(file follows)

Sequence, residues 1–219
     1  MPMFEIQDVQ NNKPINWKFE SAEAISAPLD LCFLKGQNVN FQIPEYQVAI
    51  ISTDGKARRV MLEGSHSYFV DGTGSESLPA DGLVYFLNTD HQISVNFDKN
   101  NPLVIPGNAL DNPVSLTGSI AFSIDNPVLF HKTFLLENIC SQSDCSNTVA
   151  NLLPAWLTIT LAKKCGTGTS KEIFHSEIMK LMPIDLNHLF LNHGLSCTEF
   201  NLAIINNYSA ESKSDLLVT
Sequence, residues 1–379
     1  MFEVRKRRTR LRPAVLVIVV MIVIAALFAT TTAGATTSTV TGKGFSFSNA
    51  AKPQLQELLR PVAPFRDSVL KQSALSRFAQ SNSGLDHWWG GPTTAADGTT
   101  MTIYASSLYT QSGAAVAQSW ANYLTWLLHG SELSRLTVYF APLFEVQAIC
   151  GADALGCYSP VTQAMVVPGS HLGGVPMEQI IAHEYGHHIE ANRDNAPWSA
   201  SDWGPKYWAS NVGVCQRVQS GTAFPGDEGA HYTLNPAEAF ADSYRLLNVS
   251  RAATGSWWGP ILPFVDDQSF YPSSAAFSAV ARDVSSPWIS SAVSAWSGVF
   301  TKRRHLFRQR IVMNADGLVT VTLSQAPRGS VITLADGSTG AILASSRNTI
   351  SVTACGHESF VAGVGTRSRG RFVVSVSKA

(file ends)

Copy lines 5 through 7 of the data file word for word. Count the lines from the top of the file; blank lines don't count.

   151  NLLPAWLTIT LAKKCGTGTS KEIFHSEIMK LMPIDLNHLF LNHGLSCTEF
   201  NLAIINNYSA ESKSDLLVT
Sequence, residues 1–379